Friday, December 26, 2008

30-Day Biz Planning Challenge: Forget the Plan, Not the Planning

At this point, we're getting to the end of our challenge. You've seen how I do business plans and how others do business plans. You've seen every module (practically) you can include in a plan. And one theme comes up over and over again: Don't just write it and forget it. Business planning is an ongoing thing, a living organism that gets bigger and better when you focus on it. Today, guest blogger Erik Sherman, who taught me to do my first business plan and who is offering a new class on business planning in January, explains why making business planning a practice rather than a product is essential.

In the business planning for writers class I sometimes teach, I've often been asked about writing a business plan. "Don't bother," I say.

That probably sounds strange, but it actually isn't. Over the years, I've found that most companies and people write business plans for one of three reasons:
  • They think they're "supposed" to.

  • They want to get someone to give them money.

  • They're taking a class on business planning.
I've worked on my share of business plans, and they can be a good exercise. At some point you need to think about what it is that you want your business to do, how you plan to market it, who your market is, whether you can realistically make enough money to stay afloat, and what the potential for the venture is.

But the problem with the way most people undertake business planning is that it becomes nothing more than a formal activity for a period of time. The result, a paper document, gets shoved into a metaphorical (or sometimes real) desk drawer to sit. Then the plan authors go off, start trying to make a go of it, and forget all about that plan they devised.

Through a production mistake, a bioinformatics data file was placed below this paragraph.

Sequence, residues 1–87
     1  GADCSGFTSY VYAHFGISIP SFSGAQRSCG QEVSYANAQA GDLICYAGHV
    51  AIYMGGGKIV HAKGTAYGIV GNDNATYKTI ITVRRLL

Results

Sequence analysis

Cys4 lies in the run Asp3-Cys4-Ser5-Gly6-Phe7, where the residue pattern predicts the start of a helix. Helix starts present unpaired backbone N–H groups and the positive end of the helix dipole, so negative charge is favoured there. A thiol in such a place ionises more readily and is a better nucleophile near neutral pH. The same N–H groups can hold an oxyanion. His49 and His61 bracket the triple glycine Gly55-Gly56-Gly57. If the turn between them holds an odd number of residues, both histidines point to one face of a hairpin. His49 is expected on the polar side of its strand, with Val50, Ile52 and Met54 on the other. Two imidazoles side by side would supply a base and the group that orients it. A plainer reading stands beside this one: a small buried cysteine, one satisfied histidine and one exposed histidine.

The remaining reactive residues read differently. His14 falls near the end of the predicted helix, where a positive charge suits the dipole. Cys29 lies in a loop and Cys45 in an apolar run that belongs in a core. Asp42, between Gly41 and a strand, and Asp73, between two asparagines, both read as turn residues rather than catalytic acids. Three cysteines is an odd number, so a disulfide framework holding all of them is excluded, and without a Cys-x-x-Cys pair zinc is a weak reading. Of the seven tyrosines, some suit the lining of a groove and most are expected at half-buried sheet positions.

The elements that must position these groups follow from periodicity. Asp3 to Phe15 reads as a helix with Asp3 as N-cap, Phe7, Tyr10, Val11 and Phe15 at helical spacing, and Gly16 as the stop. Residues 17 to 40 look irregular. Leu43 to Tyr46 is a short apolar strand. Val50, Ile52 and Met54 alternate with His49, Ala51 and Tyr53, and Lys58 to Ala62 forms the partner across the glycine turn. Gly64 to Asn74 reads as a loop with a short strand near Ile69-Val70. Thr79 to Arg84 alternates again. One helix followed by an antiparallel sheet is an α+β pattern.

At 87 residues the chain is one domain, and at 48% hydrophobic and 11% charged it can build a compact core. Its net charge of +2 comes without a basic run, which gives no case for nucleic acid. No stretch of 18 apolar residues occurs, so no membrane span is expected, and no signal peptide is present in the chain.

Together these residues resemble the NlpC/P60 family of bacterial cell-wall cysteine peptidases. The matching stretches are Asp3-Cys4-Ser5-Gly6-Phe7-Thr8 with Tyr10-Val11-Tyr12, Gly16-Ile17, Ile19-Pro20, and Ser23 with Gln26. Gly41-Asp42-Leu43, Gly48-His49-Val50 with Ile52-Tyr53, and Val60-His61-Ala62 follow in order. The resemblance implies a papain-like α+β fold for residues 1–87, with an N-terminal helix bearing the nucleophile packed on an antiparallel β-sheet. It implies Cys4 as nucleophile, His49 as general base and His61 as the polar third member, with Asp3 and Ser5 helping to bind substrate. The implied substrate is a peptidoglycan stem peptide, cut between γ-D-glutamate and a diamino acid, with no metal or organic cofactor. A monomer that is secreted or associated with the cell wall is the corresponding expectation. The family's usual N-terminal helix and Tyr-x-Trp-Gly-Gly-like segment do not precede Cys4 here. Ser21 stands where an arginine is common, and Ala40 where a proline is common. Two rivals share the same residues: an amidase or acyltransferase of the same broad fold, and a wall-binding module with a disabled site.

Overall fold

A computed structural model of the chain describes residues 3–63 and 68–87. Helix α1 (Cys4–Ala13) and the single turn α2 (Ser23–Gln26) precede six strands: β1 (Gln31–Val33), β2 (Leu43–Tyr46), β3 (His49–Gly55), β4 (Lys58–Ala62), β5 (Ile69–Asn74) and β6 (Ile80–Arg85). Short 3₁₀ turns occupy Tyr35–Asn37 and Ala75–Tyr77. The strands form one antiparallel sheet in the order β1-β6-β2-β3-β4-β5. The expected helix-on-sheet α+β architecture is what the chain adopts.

That is a largely useless expenditure of time and energy because the planning has now stopped. According to experts--and my own experience in a number of areas supports this--planning should generally represent a good 80 percent of a project. You put all that time into planning because you want to maximize your chances of achieving what you set out to do in the time you allotted. You start with anticipating as much as you can, and then as things unfold, you continue to refer to the plan, modifying it as circumstances change and periodically seeing if you are still on track and, if not, whether you can get back on.

But if the plan has become a fossil in a drawer, you quickly lose any benefit from it that you got. What if one customer segment turns out to be the best fit for what you want to accomplish? It might be that unexpected expenses will increase the amount of money you need to make to be
self-sufficient. A sideline offering might overtake what you thought would be your main line of business.

It is easy to get lost in the daily process of running a business. Without keeping an eye on what you want to achieve and the plans you put into place, you can easily head off in a wrong direction. This is akin to driving without a map in an area that is unfamiliar to you. Getting caught up in the specifics of where you are doesn't tell you if you're getting closer to the ultimate destination.

When I teach planning, students do start with some exercises that help establish where they want to go. But most of the class focuses on how to make planning work in operating the business. That includes measuring success, pinpointing weaknesses, and otherwise working smarter, not harder.

I'm not saying never write a business plan. But make sure you know why you're doing it. If you're not setting a framework to help you make better decisions and to keep the business headed the way you wanted in the first place, then you're keeping the drudgery and losing most of the benefit.

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